This volume investigates environmental and political crises that occurred in Europe during the late Middle Ages and the early Modern Period, and considers their effects on people’s lives. At this time, the fragile human existence was imagined as a ‘Dance of Death’, where anyone, regardless of social status or age, could perish unexpectedly. This book covers events ranging from cooling temperatures and the onset of the Little Ice Age, to the frequent occurrence of epidemic disease, pest infestations, food shortages and famines.
Covering the mid-fourteenth to mid-seventeenth centuries, this collection of essays considers a range of countries between Iceland (to the north), Italy (to the south), France (to the west) and the westernmost parts of Russia (to the east). This wide-reaching volume considers how deeply climate variability and changes affected and changed society in the late medieval to early modern period, and asks what factors, other than climate, interfered in the development of environmental stress and socio-economic crises.
This book will be of great interest to students and scholars of Environmental and Climate History, Environmental Humanities, Medieval and Early Modern History and Historical Geography, as well as Climate Change and Environmental Sciences.
PART 1: NORTHERN AND WESTERN EUROPE
1. Famines, mortality, livestock deaths and scholarship: environmental stress in Iceland ca. 1500-1700 Astrid E.J. Ogilvie
2. Winter severity in medieval Sweden: the documentary evidence Dag Retsö and Johan Söderberg
3. The Grain trade, economic distress and social disorder at a time of environmental stress in East Anglia, 1400-ca. 1440 Kathleen Pribyl
4. War, climatic stress and environmental degradation during the 15th and 16th centuries: the case of the north Flemish coastal landscape in the estuary of the Western Scheldt Adriaan M.J. de Kraker
PART 2: CENTRAL EUROPE
5. From the alpine mountain height to the Swiss Lake District: climate and society in the city and Republic of Berne from the 14th to the 16th centuries Chantal Camenisch
6. Apocalyptic riders in the borderlands: dealing with locust invasion, diseases and war in fifteenth- and sixteenth-century Eastern and Southern Austria Christian Rohr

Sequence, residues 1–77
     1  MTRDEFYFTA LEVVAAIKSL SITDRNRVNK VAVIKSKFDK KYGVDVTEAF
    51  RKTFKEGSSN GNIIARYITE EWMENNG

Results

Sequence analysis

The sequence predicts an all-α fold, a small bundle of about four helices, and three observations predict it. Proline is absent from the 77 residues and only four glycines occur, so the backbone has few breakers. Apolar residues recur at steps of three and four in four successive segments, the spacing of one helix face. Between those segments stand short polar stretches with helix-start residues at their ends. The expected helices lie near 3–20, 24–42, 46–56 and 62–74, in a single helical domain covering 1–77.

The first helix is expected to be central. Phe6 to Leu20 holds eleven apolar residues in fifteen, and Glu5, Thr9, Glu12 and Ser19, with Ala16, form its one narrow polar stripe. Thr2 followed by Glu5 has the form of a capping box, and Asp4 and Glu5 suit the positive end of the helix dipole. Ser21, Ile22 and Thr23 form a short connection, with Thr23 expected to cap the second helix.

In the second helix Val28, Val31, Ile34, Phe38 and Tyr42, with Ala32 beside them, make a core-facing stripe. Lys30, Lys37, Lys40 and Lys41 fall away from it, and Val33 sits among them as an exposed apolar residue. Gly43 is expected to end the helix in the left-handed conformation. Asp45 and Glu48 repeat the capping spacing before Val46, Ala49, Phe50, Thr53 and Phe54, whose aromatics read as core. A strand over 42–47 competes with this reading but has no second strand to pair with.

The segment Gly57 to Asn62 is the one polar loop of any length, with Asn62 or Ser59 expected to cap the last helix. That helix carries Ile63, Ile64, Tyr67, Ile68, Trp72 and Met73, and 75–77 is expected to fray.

7. A dynamic interplay of weather, biological factors and socio-economic interactions: late 15th-century-early 16th-century crises in Hungary Andrea Kiss
8. The extreme year of 1540 in terms of climate variation from the perspective of historical sources derived from the Polish and Baltic territories Wiesław Nowosad and Piotr Oliński
PART 3. SOUTHERN EUROPE AND BEYOND
9. Migration patterns from Dalmatian hinterland during and after the great hunger of 1453-1454 as consequence of environmental and political crisis Zrinka Nikolić Jakus
10. The "Danse Macabre" among climatic variability, famines and epidemics in Northern Italy during the 15th and 16th centuries: an overview through documentary sources Silvia Enzi, Francesca Becherini and Mirca Sghedoni
11. ‘Toute chose se desnature’: environmental changes of the 14th century in the perspective of contemporary witnesses (c. 1330-1400) Thomas Labbé
12. Chronology and impact of a global moment in the thirteenth century: the Samalas eruption revisited Martin Bauch
From microplastics in the sea to hyper-trends such as global climate change, mega-extinction, and widening social disparities and displacement, we live on a planet undergoing tremendous flux and uncertainty. At the center of this transformation is human culture, both contributing to the state of the world and responding to planetary change. The Routledge Environmental Humanities Series seeks to engage with contemporary environmental challenges through the various lenses of the humanities and to explore foundational issues in environmental justice, multicultural environmentalism, ecofeminism, environmental psychology, environmental materialities and textualities, Traditional Ecological Knowledge, environmental communication and information management, multispecies relationships, and related topics. The series is premised on the notion that the arts, humanities, and social sciences, integrated with the natural sciences, are essential to comprehensive environmental studies.